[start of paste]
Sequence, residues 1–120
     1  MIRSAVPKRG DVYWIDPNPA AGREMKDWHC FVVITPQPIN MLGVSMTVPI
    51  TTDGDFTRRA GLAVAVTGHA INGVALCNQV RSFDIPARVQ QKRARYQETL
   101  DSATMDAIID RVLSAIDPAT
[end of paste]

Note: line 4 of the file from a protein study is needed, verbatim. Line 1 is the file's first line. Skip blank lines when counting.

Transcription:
   101  DSATMDAIID RVLSAIDPAT